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Women Criticize Vatican Document on Feminism

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    Top Stories - Reuters Women Criticize Vatican Document on Feminism Sun Aug 1, 9:32 AM ET Add Top Stories - Reuters to My Yahoo! By Philip Pullella VATICAN CITY
    Message 1 of 1 , Aug 1, 2004
      Top Stories - Reuters
      Women Criticize Vatican Document on Feminism

      Sun Aug 1, 9:32 AM ET
      Add Top Stories - Reuters to My Yahoo!

      By Philip Pullella

      VATICAN CITY (Reuters) - Women have reacted with anger and amusement to a Vatican (news - web sites) document on feminism, with some saying the Catholic Church is run by men who live in a time warp and want to keep women in their place.

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      The document, issued Saturday, said modern feminism's fight for power and gender equality was undermining the traditional concept of family and creating a climate where gay marriages are seen as acceptable.

      Frances Kissling, president of the U.S.-based Catholics for a Free Choice, said she thought she had "passed through a time warp" when she read the document.

      "I thought for sure I was the 1960s and Archie Bunker had been appointed theologian to the Pope," she said, referring to the character in an old American TV series whose bigoted views included opposition to any form of women's rights.

      In a 37-page document "On the Collaboration of Men and Women in the Church and in the World," the Vatican said women should be respected and have equal rights in the workplace, but differences between the sexes must be recognized and exalted.

      The document, which re-stated Catholic Church positions, including the ban on female priests, said that many women felt they had to be "adversaries of men" in order to be themselves.

      It criticized feminism's attempt to erase gender differences, saying it had inspired ideologies questioning the traditional family structure of a mother and a father and making homosexuality and heterosexuality virtually equivalent.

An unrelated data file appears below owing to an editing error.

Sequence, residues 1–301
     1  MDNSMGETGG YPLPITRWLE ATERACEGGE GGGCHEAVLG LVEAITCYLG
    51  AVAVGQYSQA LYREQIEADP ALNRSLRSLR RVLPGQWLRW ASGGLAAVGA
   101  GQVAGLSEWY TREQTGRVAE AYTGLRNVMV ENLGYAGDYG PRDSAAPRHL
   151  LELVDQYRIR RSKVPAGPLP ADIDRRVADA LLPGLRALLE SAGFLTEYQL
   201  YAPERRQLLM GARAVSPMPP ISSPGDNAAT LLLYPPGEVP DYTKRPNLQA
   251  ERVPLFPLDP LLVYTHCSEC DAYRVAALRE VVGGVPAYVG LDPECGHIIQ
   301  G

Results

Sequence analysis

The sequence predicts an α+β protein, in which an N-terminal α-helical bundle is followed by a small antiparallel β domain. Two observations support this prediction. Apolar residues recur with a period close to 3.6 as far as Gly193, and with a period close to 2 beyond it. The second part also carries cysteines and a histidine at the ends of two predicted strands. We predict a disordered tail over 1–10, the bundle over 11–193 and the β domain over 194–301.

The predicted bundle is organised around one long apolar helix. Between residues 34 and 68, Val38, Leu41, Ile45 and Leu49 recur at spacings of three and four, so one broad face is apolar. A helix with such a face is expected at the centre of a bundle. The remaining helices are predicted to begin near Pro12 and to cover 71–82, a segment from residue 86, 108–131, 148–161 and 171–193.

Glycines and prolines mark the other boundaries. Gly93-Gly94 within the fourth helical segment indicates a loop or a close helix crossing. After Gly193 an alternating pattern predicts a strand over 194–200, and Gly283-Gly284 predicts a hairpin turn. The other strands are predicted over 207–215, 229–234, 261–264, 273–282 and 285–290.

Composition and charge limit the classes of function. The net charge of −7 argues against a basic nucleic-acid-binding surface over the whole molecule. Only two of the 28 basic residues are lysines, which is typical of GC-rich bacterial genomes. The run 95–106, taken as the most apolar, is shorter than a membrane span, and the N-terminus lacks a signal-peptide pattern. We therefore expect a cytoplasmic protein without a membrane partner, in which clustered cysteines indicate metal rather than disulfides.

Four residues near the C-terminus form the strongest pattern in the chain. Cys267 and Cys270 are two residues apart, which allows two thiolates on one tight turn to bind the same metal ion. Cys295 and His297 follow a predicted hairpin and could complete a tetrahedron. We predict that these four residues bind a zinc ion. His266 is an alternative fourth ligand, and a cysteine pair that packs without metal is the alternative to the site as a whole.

"Such observations could only be made by men who have no significant relationships with women and no knowledge of the enormous positive changes the women's rights movement has meant for both men and women," Kissling said.


      Emma Bonino, a former European commissioner and current member of the European parliament, said the Vatican was writing about a world that she said no longer exists.

      "This letter could easily have been written by an imam of al-Azhar," she said referring to Sunni Islam's most respected institution of religious learning in Cairo.

      "To be fair to the Catholic Church, no religion is a great friend of women," she told the Corriere della Sera newspaper. "They pay you a lot of compliments but when push comes to shove they ask you to stay in your place: wife, nurse, mother and grandmother."

      The document said that although motherhood is a "key element of women's identity," women should not be considered from the sole perspective of procreation.

      It said women who choose to be full-time mothers should not be stigmatized and it appealed to governments to make it easier for mothers to hold outside jobs without "relinquishing their family life."

      Some women suggested that the Vatican was taking a patronizing attitude that it would not take toward men.

      "Everyone knows that men and women are different and the feminist movement has always held this view," said Chiara Saraceno, a professor of sociology at the University of Turin.

      "What continues to shock me is this teaching attitude that is always directed at women and never at men," she told the leftist newspaper L'Unita.



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